Instead of feeling powerful in each pedal stroke, it felt more like I was having to push the pedal forwards and down.  The problem was highlighted when, on lap two of five, I was overtaken by fellow Triathlon Shop Tri Squad team member Chris Newman.  Chris is a fantastic time triallist, but the speed differential was huge (for comparison, we were both at the World Champs in Auckland in October ’12 and my 40km bike time was almost exactly twice Chris’s 20km sprint time).

Things were not helped by the fact my Garmin was playing silly buggers and kept pausing and re-starting itself.  Not a major factor, but bloody irritating when it kept beeping at me incessantly!

Losing places on the bike is an unusual experience for me; and as much as I enjoyed lapping the slower competitors, I was really frustrated by my lack of pace on the bike.  Objectively, of the 1.5 minutes I lost over my ‘normal’ times, I’d say one minute was bike fit, 30 seconds was ‘Matt fit’. A 10-mile bike time of 23:57 was really gutting.

Into T2 and out onto the second two-mile run, I tried to heed my coach’s advice and just get control of myself before worrying too much about pace – so I focused on cadence and breathing.  My pace was about 10 second per KM off where I would have liked it to be, but I was conscious I didn’t want to get too ragged in my breathing and form (this was a training race, after all).

I only lost one place on the second run, which in itself is a positive! And my second run was ‘only’ 44 seconds slower than the first run, the smallest run differential I’ve had to date at Castle Combe, so that was also progress of a sort.

I crossed the line in 50 minutes dead, well off my PB but in 13th place overall and 9th senior male.  Not far behind me was Katie Jemima Synge, another team-mate and the 1st lady overall.  When she finds some more speed on the bike, she’s going to be deadly!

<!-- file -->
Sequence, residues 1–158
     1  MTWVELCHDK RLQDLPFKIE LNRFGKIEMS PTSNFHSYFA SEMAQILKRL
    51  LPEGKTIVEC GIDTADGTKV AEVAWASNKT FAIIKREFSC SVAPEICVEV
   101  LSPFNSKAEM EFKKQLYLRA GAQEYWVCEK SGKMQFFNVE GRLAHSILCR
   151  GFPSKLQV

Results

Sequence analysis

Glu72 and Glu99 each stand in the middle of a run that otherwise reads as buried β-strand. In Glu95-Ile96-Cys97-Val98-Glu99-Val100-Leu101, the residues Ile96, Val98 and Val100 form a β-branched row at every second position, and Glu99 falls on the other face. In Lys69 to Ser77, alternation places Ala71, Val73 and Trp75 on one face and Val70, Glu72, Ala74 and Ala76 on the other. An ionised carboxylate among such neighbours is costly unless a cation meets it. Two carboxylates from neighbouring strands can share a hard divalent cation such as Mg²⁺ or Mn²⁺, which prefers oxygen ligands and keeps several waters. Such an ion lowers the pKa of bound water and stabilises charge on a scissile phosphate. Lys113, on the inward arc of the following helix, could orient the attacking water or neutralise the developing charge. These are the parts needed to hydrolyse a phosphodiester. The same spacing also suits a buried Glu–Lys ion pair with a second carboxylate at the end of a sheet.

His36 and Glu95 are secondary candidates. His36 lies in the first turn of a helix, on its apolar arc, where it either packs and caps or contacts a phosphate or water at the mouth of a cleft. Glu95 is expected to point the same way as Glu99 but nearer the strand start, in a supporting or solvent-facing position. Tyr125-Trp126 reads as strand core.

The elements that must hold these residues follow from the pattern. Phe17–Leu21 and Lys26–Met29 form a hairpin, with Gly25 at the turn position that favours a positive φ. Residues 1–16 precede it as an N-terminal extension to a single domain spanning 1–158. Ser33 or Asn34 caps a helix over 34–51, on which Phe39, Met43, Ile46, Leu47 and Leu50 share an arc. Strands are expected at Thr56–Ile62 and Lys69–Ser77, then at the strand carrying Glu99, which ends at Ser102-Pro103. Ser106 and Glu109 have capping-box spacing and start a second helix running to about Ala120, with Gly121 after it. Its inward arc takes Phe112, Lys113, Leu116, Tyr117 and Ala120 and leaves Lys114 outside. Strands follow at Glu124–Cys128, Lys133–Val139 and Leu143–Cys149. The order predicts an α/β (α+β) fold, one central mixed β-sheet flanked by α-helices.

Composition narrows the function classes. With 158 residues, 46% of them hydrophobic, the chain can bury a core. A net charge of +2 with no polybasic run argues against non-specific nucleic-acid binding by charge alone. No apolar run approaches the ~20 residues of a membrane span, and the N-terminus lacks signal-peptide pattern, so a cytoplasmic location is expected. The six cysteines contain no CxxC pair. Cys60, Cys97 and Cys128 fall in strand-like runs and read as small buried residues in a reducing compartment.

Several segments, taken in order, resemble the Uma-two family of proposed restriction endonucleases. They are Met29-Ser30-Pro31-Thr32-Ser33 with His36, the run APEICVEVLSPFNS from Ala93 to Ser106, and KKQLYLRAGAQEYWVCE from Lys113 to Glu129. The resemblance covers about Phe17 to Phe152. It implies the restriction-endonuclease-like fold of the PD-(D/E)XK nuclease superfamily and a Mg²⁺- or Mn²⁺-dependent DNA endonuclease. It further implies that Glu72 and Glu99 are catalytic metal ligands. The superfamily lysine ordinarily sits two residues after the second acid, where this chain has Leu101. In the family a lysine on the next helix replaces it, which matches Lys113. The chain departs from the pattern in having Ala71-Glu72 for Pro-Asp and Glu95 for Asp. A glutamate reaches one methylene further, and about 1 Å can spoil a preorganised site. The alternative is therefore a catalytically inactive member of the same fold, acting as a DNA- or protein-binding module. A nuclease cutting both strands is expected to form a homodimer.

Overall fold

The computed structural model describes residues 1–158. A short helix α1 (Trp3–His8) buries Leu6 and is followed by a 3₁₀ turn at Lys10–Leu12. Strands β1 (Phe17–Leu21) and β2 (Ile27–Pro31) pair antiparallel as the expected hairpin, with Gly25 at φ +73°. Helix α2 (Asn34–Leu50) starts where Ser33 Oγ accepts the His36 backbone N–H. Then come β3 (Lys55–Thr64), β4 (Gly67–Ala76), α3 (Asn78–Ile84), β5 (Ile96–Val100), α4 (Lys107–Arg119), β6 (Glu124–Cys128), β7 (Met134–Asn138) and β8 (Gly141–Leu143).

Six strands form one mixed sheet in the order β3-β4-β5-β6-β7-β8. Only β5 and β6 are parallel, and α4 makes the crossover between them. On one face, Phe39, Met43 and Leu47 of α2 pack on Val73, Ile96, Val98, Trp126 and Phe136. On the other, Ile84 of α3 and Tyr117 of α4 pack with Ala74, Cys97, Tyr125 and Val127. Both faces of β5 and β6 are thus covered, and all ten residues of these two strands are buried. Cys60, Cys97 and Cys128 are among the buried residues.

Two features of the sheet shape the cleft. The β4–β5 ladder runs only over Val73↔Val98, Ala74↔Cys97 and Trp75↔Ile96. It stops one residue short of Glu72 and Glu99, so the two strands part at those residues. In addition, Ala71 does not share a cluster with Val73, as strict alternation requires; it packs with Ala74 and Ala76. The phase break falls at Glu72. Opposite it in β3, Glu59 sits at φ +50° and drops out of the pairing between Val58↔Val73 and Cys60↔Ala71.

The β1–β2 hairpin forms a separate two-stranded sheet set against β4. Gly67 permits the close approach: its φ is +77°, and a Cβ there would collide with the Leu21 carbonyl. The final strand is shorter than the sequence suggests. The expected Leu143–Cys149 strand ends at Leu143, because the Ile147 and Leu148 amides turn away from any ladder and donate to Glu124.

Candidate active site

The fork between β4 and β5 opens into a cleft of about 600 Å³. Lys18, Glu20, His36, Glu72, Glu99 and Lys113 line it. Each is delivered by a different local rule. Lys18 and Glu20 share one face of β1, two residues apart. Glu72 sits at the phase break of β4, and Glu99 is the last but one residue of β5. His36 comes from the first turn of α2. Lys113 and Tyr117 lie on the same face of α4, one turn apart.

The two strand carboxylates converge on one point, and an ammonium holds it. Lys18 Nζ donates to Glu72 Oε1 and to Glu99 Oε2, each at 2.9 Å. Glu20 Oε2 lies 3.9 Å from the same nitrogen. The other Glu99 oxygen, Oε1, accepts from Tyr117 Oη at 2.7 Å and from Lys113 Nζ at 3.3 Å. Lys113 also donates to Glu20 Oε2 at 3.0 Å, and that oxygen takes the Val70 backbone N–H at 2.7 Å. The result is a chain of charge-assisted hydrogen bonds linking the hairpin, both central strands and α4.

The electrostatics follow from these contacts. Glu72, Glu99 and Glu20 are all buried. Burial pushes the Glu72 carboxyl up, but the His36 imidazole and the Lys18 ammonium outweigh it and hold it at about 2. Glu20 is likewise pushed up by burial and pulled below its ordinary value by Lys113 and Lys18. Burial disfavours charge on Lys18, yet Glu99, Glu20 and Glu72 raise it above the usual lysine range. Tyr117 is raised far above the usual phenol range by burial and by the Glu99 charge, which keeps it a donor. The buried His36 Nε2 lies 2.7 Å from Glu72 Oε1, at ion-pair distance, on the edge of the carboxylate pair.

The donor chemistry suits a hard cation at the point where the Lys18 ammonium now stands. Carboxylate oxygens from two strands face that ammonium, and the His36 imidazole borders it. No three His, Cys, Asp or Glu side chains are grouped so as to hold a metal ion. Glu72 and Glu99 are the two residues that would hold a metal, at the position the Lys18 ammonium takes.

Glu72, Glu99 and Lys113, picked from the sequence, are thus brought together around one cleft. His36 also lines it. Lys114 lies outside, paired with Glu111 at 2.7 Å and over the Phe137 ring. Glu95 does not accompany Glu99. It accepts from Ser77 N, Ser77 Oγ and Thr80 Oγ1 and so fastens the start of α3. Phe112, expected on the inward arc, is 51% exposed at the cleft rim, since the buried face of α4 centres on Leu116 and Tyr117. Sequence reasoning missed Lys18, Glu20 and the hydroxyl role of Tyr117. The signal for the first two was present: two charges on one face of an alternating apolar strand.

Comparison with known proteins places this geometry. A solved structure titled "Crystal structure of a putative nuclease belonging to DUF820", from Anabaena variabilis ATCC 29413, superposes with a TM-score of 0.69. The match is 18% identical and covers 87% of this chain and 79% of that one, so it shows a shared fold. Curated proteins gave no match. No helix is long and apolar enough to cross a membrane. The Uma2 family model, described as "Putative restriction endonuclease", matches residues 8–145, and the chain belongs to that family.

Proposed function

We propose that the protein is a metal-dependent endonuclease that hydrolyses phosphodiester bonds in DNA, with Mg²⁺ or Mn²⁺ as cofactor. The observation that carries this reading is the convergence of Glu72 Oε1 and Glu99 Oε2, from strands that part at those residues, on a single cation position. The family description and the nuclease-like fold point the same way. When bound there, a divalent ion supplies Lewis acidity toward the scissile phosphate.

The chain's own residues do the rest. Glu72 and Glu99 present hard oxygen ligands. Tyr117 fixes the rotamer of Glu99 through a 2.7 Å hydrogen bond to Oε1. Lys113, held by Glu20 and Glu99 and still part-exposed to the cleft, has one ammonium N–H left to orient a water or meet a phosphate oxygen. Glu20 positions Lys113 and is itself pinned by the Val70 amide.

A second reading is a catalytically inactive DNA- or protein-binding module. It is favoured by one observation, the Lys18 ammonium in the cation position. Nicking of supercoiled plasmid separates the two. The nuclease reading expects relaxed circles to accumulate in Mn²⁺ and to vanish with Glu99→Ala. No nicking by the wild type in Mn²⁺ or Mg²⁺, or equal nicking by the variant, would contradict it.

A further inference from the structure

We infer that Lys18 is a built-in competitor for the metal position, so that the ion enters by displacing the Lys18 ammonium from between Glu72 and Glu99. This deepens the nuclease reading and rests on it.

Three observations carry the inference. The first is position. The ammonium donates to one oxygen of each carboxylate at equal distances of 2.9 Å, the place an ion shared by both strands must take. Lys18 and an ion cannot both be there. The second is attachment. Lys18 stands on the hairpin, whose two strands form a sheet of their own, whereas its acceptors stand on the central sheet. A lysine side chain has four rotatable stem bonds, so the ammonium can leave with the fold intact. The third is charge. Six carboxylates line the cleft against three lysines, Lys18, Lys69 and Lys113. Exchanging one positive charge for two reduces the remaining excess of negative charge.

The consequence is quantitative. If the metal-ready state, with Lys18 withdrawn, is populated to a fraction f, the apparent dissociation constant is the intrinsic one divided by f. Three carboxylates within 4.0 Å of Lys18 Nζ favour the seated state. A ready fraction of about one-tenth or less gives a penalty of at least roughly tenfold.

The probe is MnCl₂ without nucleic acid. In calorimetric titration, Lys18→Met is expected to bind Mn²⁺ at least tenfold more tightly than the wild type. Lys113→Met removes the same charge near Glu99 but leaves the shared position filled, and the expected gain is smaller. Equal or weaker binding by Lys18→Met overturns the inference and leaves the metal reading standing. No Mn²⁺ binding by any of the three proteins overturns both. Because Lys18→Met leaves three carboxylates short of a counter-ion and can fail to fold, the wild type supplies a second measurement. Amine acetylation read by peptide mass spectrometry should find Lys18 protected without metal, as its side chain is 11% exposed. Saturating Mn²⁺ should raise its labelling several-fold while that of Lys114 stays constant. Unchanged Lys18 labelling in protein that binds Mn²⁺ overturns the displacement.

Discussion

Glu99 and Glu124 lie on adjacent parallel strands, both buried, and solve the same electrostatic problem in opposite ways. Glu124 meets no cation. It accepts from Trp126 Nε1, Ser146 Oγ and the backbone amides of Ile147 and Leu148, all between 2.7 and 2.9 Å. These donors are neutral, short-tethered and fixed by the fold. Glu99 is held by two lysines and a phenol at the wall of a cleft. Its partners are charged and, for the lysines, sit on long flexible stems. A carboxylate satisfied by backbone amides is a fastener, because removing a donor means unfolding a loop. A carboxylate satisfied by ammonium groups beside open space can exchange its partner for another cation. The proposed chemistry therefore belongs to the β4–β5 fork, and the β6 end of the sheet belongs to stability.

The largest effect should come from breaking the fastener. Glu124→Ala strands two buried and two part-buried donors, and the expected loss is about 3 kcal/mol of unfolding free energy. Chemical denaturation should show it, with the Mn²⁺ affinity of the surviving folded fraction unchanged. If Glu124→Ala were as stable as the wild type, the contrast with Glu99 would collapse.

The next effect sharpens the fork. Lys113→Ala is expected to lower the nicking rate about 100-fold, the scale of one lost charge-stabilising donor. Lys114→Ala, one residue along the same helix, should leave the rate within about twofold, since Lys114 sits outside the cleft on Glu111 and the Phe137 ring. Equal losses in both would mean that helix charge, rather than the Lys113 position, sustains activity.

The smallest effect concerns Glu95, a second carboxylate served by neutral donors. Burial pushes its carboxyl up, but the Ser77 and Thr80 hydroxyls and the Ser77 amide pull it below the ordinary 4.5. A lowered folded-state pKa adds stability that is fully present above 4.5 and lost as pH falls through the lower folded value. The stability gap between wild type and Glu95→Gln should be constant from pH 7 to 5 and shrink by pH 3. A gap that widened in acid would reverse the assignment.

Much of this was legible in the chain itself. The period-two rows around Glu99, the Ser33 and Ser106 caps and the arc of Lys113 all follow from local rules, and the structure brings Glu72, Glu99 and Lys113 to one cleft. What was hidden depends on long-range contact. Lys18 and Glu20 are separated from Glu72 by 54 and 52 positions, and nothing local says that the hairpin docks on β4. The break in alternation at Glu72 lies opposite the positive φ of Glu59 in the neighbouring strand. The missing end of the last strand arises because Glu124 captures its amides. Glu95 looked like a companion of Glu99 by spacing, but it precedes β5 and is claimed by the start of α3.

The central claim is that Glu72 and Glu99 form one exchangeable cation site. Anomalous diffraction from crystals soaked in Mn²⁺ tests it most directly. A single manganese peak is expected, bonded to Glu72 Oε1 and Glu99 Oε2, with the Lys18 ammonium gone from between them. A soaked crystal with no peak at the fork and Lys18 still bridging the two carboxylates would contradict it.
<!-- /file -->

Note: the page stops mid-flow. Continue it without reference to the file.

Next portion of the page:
Whichever way you look at it, I was disappointed. My runs were a good 20-30 seconds off where I feel they should be and the bike was a complete disaster.  But then, it’s all about learning at this time of the year.  The fact is I’m still bouncing back from the December illness (everyone keeps reminding me the recovery from pneumonia is a slow process) and I’m also only really just getting back into ‘proper’ run training (I’d also had a pretty big training week and no pre-race taper).

So I need to continue my work with Dave on the run; I need to fix the bike position and I also need some more transition practice. Noted, accepted, factored-in, move on.

Well done to all my team-mates at the race – Alex for 1st male overall, Katie for 1st female overall, Chris for the fastest bike lap of the day, and Alex/Chris/Me(!) for taking the team prize.

Onwards and upwards!

PS – for this race I prepared using the SiS REGO+Nitrates gels. Despite some of my complaints above, I think they did help and will do a separate post on these in the new few days.

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Matt Fisher runs - so it's all his fault! He pretends to be a triathlete, but really he is a husband, father and company VP. But he has raced for the GB Age Group squad a few times and is a two-times qualifier for the IM70.3 world champs